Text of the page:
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|Judgments - Lancashire County Council and Another v. Barlow and Another and One Other Action
HOUSE OF LORDS
Lord Slynn of Hadley Lord Nolan Lord Nicholls of Birkenhead Lord Hoffmann Lord Clyde
OPINIONS OF THE LORDS OF APPEAL FOR JUDGMENT
IN THE CAUSE
LANCASHIRE COUNTY COUNCIL AND ANOTHER
BARLOW AND ANOTHER
AND ONE OTHER ACTION
ON 16 MARCH 2000
LORD SLYNN OF HADLEY
I have had the advantage of reading in draft the speech prepared by my noble and learned friend Lord Nicholls of Birkenhead. For the reasons he gives, I too would dismiss this appeal.
I have had the advantage of reading in draft the speech prepared by my noble and learned friend Lord Nicholls of Birkenhead. For the reasons he gives, I too would dismiss this appeal.
LORD NICHOLLS OF BIRKENHEAD
Section 31(1) of the Children Act 1989 empowers the court to make an order placing a child in the care of a local authority or putting him under the supervision of a local authority or a probation officer. Before the court may make such an order certain minimum conditions, familiarly known as threshold conditions, must be satisfied. These are set out in section 31(2), which reads:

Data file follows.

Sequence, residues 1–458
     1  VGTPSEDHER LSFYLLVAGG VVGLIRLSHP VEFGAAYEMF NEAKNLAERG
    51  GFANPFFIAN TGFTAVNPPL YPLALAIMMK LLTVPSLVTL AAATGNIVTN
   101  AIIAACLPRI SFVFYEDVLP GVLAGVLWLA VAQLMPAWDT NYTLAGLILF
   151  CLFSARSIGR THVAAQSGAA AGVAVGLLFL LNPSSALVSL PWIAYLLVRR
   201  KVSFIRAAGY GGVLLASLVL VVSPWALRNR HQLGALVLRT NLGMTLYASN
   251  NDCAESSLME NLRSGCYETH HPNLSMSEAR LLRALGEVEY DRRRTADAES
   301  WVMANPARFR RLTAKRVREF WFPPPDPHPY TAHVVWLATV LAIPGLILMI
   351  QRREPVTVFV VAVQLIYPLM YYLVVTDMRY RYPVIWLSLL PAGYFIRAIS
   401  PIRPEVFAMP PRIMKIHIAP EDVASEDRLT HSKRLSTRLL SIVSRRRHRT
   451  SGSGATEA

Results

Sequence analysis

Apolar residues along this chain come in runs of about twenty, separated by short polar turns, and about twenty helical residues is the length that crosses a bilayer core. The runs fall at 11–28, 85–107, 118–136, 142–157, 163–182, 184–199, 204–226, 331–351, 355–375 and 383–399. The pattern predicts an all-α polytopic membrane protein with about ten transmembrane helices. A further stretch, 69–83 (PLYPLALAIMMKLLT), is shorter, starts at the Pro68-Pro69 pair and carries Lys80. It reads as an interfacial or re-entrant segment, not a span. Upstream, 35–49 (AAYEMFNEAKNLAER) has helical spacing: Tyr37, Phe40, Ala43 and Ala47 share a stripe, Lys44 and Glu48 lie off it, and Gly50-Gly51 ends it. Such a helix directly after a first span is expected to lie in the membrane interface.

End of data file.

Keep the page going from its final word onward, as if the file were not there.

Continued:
Harm is defined in wide terms in section 31(9). When the threshold conditions are satisfied, and the court proceeds to consider whether to exercise its discretionary power to make a care order or a supervision order, the child's welfare is the court's paramount consideration. The court has regard in particular to the matters itemised on the welfare checklist set out in section 1(3) of the Act, including any harm the child has suffered or is at risk of suffering and how capable each of his parents is of meeting his needs. Thus, the findings made by the court regarding the threshold conditions are carried forward to the consideration of the child's welfare needs. The court will not make an order unless it considers that doing so would be better for the child than making no order (section 1(5)).
On this appeal the House is called upon, for the third time, to interpret the threshold conditions. In the previous case of In re M. (A Minor) (Care Orders: Threshold Conditions)  2 A.C. 424 the House considered what was the date at which the threshold conditions must be satisfied. In the case of In re H. (Minors) (Sexual Abuse: Standard of Proof)  A.C. 563 attention was focused on the first threshold condition, sometimes referred to as the 'significant harm' condition, set out in section 31(2)(a). On the present occasion the point at issue concerns the second threshold condition (the 'attributable' condition), set out in section 31(2)(b), and in particular the phrase 'the care given to the child'. This appeal is another illustration of what Lord Templeman, in the re M. case, aptly referred to as the tyranny of language.